Physiological Particularities of Dromedary (Camelus dromedarius) and Experimental Implications
The one humped camel (Camelus dromedarius) or Arabian camel is an essential source of food and milk in many parts of the world and especially in developing countries in Africa and Asia.
The dromedary plays economic, social and ecological roles. In some regions, camels were expected to boost local tourism and bring much-needed funds to the local economy. The camel contributes actively to maintain the desert ecosystem. In fact, it possesses some unique qualities which make it distinctly superior to other domestic livestock.
The capacity of the dromedary to live under desert conditions and to survive in the incredibly hard environment of the Sahara is due to its biological and physiological particularities. All the functions of the dromedary organism are conceived to be physiologically adapted to “water and food restrictions” and to a very hot climate.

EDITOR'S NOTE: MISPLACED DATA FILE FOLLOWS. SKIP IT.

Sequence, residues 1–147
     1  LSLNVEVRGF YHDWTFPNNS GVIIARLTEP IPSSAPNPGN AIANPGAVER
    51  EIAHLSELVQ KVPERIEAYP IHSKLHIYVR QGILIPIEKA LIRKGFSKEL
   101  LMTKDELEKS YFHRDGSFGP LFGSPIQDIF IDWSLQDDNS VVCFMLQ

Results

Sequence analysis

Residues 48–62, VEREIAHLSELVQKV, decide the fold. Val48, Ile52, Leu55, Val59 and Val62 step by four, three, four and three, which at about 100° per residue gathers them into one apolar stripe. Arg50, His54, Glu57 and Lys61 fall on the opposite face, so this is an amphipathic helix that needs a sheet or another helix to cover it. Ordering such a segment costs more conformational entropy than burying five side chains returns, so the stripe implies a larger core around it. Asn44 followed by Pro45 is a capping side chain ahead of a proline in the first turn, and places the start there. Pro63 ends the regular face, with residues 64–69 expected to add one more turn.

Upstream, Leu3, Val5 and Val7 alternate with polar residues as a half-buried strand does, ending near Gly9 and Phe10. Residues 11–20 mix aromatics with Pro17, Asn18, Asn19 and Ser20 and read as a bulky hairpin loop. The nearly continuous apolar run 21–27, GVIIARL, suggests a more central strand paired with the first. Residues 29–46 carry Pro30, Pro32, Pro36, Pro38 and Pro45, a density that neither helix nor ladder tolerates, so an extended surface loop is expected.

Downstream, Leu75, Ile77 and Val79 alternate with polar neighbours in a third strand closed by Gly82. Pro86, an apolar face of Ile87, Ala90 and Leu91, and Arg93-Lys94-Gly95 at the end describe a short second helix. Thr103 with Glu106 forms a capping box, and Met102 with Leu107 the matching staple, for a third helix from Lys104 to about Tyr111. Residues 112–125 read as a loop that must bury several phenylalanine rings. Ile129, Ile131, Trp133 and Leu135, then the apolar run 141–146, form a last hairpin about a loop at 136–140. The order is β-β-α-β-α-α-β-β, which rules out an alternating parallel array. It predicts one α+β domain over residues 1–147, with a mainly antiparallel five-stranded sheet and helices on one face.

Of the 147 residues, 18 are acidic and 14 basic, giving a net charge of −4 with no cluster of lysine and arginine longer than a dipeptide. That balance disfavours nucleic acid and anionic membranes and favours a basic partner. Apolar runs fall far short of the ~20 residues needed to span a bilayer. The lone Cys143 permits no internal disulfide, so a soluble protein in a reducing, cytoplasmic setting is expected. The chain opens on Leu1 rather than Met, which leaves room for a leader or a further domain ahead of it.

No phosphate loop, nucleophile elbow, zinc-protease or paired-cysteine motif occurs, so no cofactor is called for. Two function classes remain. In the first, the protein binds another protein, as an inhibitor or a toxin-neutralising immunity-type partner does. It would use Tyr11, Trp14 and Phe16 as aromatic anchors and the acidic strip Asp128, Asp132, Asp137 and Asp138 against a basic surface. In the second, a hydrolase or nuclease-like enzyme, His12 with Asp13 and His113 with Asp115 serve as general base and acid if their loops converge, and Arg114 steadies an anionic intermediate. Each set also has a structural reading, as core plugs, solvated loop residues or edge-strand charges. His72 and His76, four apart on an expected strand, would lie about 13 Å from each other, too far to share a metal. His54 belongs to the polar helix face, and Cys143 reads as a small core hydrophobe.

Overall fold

We will review the homeostatic adaptations in relation to the physiological characteristics of the dromedary and the experimental implications, which result from these particularities. Indeed, the researcher must consider the specificities of this species at various levels of the experimentation (housing, acclimation, handling…) and must take consideration of the normal behaviour of the dromedary and its welfare.